|WikiProject Christianity / Catholicism||(Rated B-class, Mid-importance)|
"The original rule of the order was now changed"...Was now changed? That doesn't sound right to me. What's this trying to say?126.96.36.199 23:39, 11 November 2006 (UTC)
The last sentence in the Origin and Early History section reads:
- "During his rule of twenty years the order prospered, especially by the establishment of a monastery at Paris by Saint Louis in 1259."
Problem is, there are at least seven Catholic Saints named Saint Louis (possibly more), only two of which are listed on the Saint Louis disambiguation page. (I haven't looked to see if any more Sain Louis articles exist in Wikipedia.)
Any idea which Saint Louis is being referenced in this article?
From a cursory perusal of the available material, King Louis IX of France, monarch and saint, seems the most likely candidate, certainly given that the time frame of his reign fits with the date of 1259, and the location in Paris.
But I'm not 100% sure, so I haven't linked him to this article.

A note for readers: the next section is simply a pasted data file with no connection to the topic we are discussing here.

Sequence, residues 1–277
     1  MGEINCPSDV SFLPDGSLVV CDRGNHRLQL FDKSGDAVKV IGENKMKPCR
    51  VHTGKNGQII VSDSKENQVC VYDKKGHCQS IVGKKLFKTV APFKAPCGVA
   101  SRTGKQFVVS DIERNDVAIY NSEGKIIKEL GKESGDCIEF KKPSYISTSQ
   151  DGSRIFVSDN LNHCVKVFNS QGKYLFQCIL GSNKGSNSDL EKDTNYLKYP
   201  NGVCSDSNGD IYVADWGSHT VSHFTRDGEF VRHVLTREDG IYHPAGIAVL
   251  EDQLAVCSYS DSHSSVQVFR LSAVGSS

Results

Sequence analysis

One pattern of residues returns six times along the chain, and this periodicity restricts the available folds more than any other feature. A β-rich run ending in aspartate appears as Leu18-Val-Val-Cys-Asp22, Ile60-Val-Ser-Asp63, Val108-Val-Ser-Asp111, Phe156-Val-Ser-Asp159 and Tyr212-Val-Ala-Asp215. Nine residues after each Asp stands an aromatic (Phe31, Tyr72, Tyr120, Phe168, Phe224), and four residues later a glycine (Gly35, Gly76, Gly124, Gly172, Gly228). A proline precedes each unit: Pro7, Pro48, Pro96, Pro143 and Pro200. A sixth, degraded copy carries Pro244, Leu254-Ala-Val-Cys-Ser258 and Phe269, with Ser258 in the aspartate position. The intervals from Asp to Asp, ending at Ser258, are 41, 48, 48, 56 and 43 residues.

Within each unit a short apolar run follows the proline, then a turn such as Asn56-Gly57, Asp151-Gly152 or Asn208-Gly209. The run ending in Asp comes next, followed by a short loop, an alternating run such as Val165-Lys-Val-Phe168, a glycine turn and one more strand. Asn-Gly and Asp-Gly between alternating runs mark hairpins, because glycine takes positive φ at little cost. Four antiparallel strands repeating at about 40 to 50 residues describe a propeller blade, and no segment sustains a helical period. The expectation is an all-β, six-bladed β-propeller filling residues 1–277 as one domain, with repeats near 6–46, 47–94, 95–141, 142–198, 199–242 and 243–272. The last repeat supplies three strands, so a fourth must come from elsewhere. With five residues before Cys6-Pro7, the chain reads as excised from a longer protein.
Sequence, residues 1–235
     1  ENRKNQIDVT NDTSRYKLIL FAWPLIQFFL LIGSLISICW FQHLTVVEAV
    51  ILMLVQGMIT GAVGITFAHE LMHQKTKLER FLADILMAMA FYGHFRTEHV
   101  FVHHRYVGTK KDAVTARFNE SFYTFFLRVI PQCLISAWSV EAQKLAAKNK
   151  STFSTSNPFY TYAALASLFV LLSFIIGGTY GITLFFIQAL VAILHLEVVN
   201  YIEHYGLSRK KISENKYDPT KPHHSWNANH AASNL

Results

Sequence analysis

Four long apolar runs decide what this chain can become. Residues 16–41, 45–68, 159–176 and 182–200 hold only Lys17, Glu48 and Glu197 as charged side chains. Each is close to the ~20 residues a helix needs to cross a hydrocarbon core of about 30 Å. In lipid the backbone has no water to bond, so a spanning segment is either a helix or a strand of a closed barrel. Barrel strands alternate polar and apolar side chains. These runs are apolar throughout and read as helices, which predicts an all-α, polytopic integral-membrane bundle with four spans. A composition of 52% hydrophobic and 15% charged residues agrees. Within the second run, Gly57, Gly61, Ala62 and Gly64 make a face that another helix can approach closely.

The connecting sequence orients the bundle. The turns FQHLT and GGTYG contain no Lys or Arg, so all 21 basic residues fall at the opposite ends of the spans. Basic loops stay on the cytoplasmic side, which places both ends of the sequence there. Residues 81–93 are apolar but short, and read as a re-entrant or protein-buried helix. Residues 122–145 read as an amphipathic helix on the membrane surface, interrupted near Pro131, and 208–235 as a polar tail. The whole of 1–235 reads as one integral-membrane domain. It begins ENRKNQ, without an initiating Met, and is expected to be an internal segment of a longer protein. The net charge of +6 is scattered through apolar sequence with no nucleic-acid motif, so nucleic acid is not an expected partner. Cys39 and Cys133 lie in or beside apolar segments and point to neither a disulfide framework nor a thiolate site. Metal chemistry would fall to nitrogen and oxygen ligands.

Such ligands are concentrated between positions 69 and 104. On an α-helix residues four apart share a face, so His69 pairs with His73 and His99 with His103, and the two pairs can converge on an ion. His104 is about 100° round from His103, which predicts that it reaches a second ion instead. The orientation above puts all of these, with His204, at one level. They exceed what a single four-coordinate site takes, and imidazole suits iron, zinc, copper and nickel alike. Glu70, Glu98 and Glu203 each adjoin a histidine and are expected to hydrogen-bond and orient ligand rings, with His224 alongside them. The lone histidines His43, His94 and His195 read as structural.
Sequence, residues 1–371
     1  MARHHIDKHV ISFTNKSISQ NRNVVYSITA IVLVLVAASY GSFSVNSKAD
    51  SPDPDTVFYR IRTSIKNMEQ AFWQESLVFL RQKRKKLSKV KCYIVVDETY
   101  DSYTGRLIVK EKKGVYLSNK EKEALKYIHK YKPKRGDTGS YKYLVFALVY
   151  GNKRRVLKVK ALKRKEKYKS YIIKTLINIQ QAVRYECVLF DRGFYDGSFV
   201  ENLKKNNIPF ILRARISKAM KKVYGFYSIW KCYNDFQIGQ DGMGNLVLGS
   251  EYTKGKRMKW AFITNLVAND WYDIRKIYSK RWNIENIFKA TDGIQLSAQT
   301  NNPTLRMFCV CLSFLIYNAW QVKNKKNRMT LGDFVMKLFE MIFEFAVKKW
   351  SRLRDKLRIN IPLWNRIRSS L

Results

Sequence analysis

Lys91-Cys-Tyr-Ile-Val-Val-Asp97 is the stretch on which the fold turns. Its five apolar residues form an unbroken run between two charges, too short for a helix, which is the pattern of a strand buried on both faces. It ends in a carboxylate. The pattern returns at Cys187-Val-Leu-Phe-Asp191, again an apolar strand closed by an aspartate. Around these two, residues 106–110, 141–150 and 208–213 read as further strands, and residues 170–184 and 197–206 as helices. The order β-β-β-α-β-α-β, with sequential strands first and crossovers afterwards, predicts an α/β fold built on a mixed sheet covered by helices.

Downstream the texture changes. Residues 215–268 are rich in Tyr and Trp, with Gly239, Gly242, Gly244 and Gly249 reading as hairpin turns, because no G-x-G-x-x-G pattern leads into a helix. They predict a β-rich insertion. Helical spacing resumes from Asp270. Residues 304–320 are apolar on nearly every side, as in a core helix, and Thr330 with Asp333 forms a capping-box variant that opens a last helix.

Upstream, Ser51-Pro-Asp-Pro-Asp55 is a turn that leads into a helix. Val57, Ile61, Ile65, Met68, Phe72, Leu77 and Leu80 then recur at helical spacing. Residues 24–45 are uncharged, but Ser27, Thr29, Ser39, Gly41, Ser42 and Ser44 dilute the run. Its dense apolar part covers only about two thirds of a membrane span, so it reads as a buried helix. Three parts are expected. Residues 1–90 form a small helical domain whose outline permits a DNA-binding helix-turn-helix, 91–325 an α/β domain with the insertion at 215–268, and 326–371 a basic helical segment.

Anyone with more expertise in this area able to clarify?
Thanks, Kevyn 22:22, 7 Jul 2004 (UTC)
Carmélites is the French form of the word, while in Spanish and Portuguese it is Carmelitas. However, the standard form in English is Carmelites.
The English form Carmelites has no written accent on the first e and ends in -es, instead of -as.
— Diamantina 02:43, 28 May 2005 (UTC)
A separation probably should be made between Discalced Carmelites (OCD)and the Carmelites of the Ancient Order (OCarm). They are considered separate orders and though I wouldn't say they dislike each other, there is still an intense rivalry between them at times. Williamb 12:50, 10 March 2006 (UTC)
Since there are already articles on the Scapular in general and the Scapular of Our Lady of Mount Carmel (the Carmelite brown scapular) in particular, I think that the section on the scapular in this article should be cut, with suitable passages added to the two scapular articles. What do you think?
— Diamantina 07:40, 1 April 2006 (UTC)
It's very informative, but this article has much in the way of POV. Statements made from the point of view of a member of ther order, all in "will" format rather than "claimed to" or any of those.